Olympic favorite Kamila Valieva tested positive for a banned heart medication before her arrival at the Beijing Olympics, the Russian newspaper RBC reported, putting in jeopardy the team gold medal that she helped win earlier this week.

The sample was reportedly obtained in December, when the 15-year-old Valieva was still in Russia but did not come to light until after she had helped her team win the gold medal with dynamic performances in her short program and free skate.

The drug, Trimetazidine, is used to treat angina — a type of chest pain marked by reduced blood flow to the heart — and is banned by the World Anti-Doping Agency as a stimulant. It is the same drug that was involved in a Russian bobsled case at the 2018 Olympics that ended in a settlement and the athletes accepting an eight-month ban.

It is unclear whether Valieva has any heart problems.

Russian athletes are in Beijing competing as the “Russian Olympic Committee” (ROC) after the country was banned because of a massive state-sponsored doping scheme at the 2014 Sochi Olympics.

International Olympic Committee spokesman Mark Adams said Wednesday that “legal consultation” was required between the IOC and the International Skating Union, the world the governing body of skating. Details of the case were not specified, but Adams acknowledged that “we have athletes that have won medals involved.”

If the Russian team is disqualified, the U.S. team would be elevated to gold, Japan to silver and fourth-place finisher Canada — the defending champion in the team event — would receive the bronze medal.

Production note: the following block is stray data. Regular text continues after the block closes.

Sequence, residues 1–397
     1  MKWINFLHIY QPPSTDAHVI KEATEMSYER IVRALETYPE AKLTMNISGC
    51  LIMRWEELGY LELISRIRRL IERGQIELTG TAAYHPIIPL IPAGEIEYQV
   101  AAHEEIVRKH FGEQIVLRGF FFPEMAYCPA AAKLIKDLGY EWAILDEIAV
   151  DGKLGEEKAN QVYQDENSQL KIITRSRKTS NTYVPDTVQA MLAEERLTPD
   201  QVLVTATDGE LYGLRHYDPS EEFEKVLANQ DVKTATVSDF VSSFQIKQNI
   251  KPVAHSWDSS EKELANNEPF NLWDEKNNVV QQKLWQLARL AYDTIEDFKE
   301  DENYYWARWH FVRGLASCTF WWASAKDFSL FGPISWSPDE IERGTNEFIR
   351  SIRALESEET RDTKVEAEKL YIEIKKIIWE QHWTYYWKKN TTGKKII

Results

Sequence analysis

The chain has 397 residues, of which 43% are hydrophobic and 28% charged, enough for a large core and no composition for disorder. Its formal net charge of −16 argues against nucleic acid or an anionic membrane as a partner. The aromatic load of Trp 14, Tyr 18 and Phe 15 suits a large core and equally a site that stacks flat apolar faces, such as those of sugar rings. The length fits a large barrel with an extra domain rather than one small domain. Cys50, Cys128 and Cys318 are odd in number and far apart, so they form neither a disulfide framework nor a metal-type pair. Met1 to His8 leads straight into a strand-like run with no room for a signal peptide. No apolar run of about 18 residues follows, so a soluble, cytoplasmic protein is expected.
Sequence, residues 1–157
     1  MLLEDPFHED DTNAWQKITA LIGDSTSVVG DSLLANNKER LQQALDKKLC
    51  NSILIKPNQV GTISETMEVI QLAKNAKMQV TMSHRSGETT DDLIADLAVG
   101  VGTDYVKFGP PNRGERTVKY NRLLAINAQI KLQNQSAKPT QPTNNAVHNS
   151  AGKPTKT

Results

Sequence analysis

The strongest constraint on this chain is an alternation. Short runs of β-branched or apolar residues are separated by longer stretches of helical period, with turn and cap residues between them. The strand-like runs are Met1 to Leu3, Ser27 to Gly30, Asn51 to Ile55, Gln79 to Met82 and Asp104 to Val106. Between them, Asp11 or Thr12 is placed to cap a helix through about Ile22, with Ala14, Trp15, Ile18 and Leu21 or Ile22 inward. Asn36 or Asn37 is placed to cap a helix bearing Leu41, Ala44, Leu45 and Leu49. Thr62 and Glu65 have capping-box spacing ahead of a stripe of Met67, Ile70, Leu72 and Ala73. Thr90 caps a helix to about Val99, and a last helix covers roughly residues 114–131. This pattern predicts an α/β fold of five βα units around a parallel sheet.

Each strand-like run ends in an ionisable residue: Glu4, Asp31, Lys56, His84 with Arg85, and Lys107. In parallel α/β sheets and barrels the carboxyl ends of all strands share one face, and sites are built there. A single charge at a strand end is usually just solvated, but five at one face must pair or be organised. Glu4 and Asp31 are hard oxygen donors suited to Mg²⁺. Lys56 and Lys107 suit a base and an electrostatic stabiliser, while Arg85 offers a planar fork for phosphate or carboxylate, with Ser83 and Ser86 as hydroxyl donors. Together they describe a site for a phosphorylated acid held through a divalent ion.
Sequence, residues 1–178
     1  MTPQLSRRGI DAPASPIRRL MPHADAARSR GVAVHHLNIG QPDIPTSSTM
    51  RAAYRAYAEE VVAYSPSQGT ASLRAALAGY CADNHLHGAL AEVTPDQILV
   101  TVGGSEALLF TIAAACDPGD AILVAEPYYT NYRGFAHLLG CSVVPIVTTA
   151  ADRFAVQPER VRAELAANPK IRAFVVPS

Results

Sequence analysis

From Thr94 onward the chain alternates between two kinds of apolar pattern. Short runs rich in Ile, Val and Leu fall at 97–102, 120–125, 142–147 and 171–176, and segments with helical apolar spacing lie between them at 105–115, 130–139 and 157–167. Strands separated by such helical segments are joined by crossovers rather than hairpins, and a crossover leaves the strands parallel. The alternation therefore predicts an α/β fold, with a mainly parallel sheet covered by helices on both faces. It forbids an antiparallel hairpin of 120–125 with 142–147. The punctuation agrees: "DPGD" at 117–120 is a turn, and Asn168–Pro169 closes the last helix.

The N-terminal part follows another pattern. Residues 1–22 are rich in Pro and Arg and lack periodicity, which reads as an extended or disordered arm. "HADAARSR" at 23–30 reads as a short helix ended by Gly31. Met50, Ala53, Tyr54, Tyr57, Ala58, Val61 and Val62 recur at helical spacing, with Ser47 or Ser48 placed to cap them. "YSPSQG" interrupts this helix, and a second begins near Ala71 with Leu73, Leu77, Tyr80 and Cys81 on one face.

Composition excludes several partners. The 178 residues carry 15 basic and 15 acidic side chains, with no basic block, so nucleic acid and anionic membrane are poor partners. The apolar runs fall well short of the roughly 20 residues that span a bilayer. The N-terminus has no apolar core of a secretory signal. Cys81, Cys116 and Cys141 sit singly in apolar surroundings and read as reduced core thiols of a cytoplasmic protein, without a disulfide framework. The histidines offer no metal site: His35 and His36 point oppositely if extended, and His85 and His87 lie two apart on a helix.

If any athlete and team is disqualified or had results nullified, an appeal is likely to follow, which could further delay the medals presentation. The Court of Arbitration for Sport has set up an office in Beijing to hear urgent cases.

Valieva’s status for the individual competition next week has also been cast in doubt.

Reporters asked the Kremlin about the issue late Wednesday amid speculation that the gold medals won by the six Russian skaters that took part in the team competition could be at risk.

“Let’s, for the sake of understanding, wait for some explanations either from our sports officials or from the IOC,” Kremlin spokesman Dmitry Peskov said.

While the Russian team dominated the competition, it was Valieva that shone brightest. Along with winning the short program and free skate, she became the first woman to land a quadruple jump in an Olympic competition, giving her team the maximum number of points while underscoring her status as the favorite in next week’s individual competition.

Many of the skaters that took part in the team competition, including American star Nathan Chen and Russian’s Mark Kondratiuk, are due to leave Beijing shortly after competing Thursday’s free skate.

“Everyone is doing absolutely everything that the situation can be resolved as soon as possible,” Adams said, though he cautioned “as you know, legal issues can sometimes drag on.”

___

AP Sports Writer Graham Dunbar and Associated Press writer Dasha Litvinova contributed to this report.